You never said which version of the OS, you only talked about the phone itself. You also said it was an ARMv5, when it's actually ARMv6/11.

                          Knowing what you own and how to communicate yourself accurately makes conversation a whole lot more constructive. I read just fine the problem is you don't communicate effectively.

                          It's nice that you can follow a guide online and build a new version of the Android OS, but that doesn't make you a hacker. It may make you a hack though.

                          Also, isn't your 7201 a multi core chipset? That might explain the performance capability. That said it's definitely not capable of proper full rate 720P MPEG2 sans GPU acceleration and the screens res would never let the video reach full rate anyway. MPEG2 is res dependant, unlike AVC and VC-1 ASP.

                          Comment


                          • Originally posted by droidhacker View Post
                            I may be missing something here, but how does being closed source and proprietary improve the suitability of the drivers for "high end discrete GPU markets"? Assuming that you had two equally/equivalently functional drivers, one open and one closed, what benefit could being closed bring?
                            Simply reusing the Windows Catalyst driver, with 10+ years of engineering and know-how in it?

                            Unfortunately, that one can not be open sourced, for a variety of reasons.

                            Comment


                            • Originally posted by IsawSparks View Post
                              I read just fine
                              Apparently not

                              Comment


                              • You guys can argue all day long but the fact of the matter not every Linux user shares the same demands or philosophies. It's supposed to be about options and choice, isn't it?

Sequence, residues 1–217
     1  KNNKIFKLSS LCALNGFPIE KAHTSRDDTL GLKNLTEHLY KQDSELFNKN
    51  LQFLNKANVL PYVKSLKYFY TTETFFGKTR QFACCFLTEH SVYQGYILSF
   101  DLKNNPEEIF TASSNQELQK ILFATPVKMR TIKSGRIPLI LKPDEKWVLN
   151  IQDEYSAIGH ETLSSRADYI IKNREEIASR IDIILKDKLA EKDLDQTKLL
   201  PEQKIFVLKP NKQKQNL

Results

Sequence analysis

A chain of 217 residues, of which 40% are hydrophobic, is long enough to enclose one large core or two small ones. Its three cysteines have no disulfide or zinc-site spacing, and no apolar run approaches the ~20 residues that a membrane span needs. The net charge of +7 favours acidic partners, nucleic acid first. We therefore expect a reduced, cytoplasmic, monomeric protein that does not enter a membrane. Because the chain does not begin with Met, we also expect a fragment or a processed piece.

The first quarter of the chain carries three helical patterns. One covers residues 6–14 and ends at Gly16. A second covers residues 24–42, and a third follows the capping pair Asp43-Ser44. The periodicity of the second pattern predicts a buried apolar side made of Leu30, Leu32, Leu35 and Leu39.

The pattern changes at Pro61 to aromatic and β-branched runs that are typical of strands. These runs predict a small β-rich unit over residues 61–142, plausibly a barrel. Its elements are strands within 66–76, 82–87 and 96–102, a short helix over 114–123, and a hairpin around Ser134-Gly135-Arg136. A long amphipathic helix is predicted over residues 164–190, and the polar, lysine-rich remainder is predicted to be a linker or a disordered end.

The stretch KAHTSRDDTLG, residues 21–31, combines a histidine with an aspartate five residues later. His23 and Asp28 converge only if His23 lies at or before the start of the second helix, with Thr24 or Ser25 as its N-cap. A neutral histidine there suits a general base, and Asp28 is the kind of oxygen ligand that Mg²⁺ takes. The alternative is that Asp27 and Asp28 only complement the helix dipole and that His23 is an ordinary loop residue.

Even you open source extremists seem to admit that the driver can't do everything so the binary driver is requires for some features/uses. But, if it is a secondary priority and inferior to the nvidia driver, then there isn't a good choice, is it?

                                The fact it's based on commercial needs and the workstation market means the open source priority is limited and the binary choice isn't any better than the Nvidia option. What is needed, imho, is continual improvement of both drivers and some more emphasis on the binary since the FOSS drivers will never get the full support meaning 3D and licensed features. Just because you don't need a feature doesn't mean they should follow your requirements! The video card is capable of hardware acceleration among other features so it should be supported for that. Whether it's an open source method or closed, it benefits all uers and owners of the card if there is SOME option for using the card for that feature.

                                Comment

                                Working...
                                X